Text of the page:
Ida Wells Makes Noise: The Columbian Exposition Protest of 1893 Content from the guide to life, the universe and everything

Ida Wells Makes Noise: The Columbian Exposition Protest of 1893

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Human rights are fragile. Basically, all it takes to violate them is for the majority of people to decide they don't care what happens to [that group over there that they don't happen to belong to]. It usually takes a massive campaign of education and protest to change this attitude. Most of the time, laws have to be passed to stop people from abusing each other on the basis of perceived difference.

Once the laws are passed, most people immediately forget about them – at least, if they don't belong to one of two groups. The first group is the one whose rights are being protected. The second group is the one that was doing most of the persecuting. They're usually busy looking for a way around the law.

All this is by way of introducing Ida B Wells' summary of African American history in her pamphlet, The Reason Why the Colored American Is Not in the World's Columbian Exposition, which was passed out by the thousands at the 1893 Chicago World's Fair. Let's take a look at the civil rights situation in 1893, Ida B Wells' life and work, and what happened when she protested.

Why They Weren't at the Fair

You remember the Chicago World's Fair, right? The White City on Lake Michigan? That's where the world's first Ferris Wheel turned, and John Philip Sousa's band played the Monty Python theme on it. It's where Farida Spyropoulos danced the hootchy-kootchy to the tune of 'There's a Place in France', which was fine because it was 'culture'. It's also where the infamous serial killer HH Holmes plied his deadly trade (he wasn't invited). There were pavilions and displays from around the world at this massive exhibition. But there was no African American Pavilion at the Fair. What gave?

The lack of African American participation wasn't for lack of trying. As they explained in their pamphlet, they had applied to the Board of Lady Managers, but the Lady Managers (who planned the fair) weren't interested:

The majority of the Lady Managers ignored the letters of inquiry entirely, while some were frank enough to speak their pronounced opposition to any plan which would bring them in contact with a colored representative and to emphasize the opposition by a declaration that they would resign in case such an appointment was made.
- 'The Reason Why', FL Barnett, p71 in the pamphlet.

In other words 'ladies' refused to talk to 'those people'. The men were no better. When security guards were hired for the Fair, called the 'Columbian Guard', applications were accepted from all over Chicago. Curiously, all of the African American applicants were somehow lacking. Their chests were too small, for example, or they were a quarter inch under the height requirement. Sorry, we're not racist, but... rules are rules. In addition, only two African Americans ever found a clerical job at the Exposition. All in all, as FL Barnett wrote, the motto seemed to be, 'No Negro need apply.'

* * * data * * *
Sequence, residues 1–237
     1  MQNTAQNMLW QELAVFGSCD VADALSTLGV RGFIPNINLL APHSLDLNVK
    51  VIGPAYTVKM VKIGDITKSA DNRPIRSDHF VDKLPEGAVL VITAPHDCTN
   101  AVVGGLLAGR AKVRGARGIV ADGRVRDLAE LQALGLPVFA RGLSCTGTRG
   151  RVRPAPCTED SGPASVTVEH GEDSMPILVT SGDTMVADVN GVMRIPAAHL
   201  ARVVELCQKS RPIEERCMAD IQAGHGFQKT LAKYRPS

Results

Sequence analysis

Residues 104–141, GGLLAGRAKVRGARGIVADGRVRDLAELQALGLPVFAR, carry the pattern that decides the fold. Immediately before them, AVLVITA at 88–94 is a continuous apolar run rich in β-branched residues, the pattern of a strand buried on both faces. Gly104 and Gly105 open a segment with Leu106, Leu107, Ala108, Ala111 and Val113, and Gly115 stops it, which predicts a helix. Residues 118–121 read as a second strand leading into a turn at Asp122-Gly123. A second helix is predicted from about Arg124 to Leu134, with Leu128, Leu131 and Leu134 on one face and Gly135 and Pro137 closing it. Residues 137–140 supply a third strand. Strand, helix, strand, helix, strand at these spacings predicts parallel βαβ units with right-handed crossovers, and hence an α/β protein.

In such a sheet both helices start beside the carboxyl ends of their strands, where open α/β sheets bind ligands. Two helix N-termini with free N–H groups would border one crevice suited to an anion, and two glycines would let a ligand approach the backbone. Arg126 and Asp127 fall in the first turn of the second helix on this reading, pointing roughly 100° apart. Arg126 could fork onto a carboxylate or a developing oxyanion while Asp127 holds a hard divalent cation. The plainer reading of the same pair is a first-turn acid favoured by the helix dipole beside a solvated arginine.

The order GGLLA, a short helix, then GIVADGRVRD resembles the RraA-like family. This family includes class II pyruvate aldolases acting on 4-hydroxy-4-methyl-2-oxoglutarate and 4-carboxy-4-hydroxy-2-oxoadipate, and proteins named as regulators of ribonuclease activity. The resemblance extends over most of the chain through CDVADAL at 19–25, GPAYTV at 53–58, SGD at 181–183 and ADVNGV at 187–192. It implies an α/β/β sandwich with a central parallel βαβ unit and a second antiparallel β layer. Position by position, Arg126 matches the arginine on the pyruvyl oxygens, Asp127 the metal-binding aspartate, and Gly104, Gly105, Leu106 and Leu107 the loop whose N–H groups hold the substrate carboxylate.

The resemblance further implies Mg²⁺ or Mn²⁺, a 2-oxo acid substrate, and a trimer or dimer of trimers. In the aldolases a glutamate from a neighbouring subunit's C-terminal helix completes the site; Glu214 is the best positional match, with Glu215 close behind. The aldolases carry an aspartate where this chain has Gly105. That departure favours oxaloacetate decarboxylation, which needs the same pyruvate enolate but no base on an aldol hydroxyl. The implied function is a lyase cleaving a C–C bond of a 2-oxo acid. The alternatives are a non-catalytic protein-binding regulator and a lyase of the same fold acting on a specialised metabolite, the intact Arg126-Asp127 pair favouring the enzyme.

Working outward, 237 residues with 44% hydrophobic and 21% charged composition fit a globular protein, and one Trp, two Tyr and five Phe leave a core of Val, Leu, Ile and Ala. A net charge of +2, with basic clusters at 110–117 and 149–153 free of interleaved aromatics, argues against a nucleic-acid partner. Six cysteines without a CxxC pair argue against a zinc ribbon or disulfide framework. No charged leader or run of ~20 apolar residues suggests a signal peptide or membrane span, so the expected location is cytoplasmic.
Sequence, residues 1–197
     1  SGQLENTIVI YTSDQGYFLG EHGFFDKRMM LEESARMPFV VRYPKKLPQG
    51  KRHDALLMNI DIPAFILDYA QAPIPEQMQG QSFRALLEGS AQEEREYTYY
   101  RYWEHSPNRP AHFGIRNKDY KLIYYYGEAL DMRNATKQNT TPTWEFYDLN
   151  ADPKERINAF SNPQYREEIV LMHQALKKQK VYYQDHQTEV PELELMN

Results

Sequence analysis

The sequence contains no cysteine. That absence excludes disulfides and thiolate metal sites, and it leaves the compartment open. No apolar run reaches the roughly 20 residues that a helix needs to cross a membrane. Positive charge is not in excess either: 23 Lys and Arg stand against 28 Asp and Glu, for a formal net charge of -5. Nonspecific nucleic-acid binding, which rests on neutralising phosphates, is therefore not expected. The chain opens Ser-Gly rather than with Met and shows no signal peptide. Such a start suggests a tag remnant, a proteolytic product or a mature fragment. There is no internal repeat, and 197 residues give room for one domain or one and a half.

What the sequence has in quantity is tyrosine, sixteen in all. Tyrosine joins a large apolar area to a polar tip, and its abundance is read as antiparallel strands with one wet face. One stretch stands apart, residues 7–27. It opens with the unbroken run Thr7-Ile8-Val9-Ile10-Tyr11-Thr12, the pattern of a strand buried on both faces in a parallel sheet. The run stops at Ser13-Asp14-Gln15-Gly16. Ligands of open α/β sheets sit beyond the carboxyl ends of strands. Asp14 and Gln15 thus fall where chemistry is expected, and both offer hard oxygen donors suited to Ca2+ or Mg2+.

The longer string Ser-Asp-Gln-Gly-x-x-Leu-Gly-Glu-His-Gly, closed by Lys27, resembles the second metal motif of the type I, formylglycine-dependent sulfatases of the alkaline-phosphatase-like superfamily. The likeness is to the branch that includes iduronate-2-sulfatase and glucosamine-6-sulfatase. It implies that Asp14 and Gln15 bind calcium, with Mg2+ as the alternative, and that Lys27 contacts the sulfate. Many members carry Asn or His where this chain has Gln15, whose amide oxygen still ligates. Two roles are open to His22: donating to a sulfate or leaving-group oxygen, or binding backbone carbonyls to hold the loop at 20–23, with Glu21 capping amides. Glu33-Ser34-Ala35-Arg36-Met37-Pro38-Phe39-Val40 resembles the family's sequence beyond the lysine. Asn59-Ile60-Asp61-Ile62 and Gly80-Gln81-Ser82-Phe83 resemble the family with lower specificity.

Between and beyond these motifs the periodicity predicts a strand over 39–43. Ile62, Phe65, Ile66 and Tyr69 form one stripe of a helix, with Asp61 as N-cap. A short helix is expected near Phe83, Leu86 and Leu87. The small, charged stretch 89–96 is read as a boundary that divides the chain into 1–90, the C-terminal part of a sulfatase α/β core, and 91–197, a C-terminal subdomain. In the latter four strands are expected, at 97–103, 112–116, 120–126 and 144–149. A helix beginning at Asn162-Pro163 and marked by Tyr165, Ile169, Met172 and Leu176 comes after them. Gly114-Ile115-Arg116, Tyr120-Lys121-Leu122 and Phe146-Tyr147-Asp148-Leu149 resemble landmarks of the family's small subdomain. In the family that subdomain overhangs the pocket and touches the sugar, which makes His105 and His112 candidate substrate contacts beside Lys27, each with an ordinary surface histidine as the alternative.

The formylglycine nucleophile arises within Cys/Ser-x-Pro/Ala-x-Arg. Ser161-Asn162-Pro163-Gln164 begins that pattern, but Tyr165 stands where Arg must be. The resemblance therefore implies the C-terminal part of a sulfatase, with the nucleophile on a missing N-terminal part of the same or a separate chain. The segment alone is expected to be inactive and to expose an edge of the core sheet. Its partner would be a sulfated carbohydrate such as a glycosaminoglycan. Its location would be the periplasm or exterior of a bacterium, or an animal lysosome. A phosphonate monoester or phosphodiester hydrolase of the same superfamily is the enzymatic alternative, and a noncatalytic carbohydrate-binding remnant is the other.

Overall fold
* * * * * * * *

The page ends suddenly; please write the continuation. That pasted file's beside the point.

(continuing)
Deprived of official representation at the Fair, the African American community produced their pamphlet, edited by Ida B Wells. The pamphlet contained an introduction in English, French and German. It explained to the visiting millions from around the world just who African Americans were, what they had been doing since their emancipation, and what it was about them that was making the white organisers so nervous. In short, why they weren't at the Fair. The booklet featured articles by Frederick Douglass, the most famous African American leader of his time, FL Barnett, a lawyer, and Ida B Wells herself. So who was Ida B Wells, and why should anybody listen to her?

Ida B Wells

Ida B Wells, also known as Ida Wells-Barnett, is one of the coolest historical figures you've probably never heard of. She was born in Holly Springs, Mississippi, in 1862, which meant that she and all of her family were still in slavery to a cotton-growing empire that depended on forced labour and human trafficking. After the war, Ida's parents became active in efforts to improve life for their people: Mr Wells, a carpenter, attended the new college set up by the Freedmen's Bureau, and he and his wife supported the Republican Party, which was pro-civil rights in those days. Ida also attended the college, until her parents died in the Yellow Fever epidemic that hit the Lower Mississippi region in 1878. Ida became a teacher to support herself and her five siblings.

Eventually Ida Wells moved to nearby Memphis, Tennessee, becoming first a teacher and then a journalist. She was a civil rights activist and a feminist, outspoken in a time when it was physically dangerous for a woman of colour to be either one. Here are some of the highlights, or possibly low points, of Ida Wells' career:

  • She was evicted from a train in 1884 because she refused to abide by an illegal segregation rule. She then sued the railway company and won, only to have her legal victory overturned by a higher court. Segregationists were determined: in 1896, they scored a resounding success for racial inequality with the Supreme Court decision Plessy v Ferguson, which said it was perfectly all right to keep 'coloureds' out of the white train compartments. It wasn't until the 1950s that this changed – and Ida Wells died in 1931.
  • After her friend Thomas Moss was lynched when his cooperative grocery made more money than the white one across the street, Ida Wells took up the cause of educating people about the barbarity of group murder in the United States. She wrote newspaper articles and books, such as Southern Horrors: Lynch Law in All Its Phases, exposing what was going on. She spoke in the US and in Europe. Her main problem? People didn't believe her. Nobody wanted to know that 'civilised' people could do some of the things they did. It's hard to force people to stop committing crimes when you can't get anybody to believe they're doing them.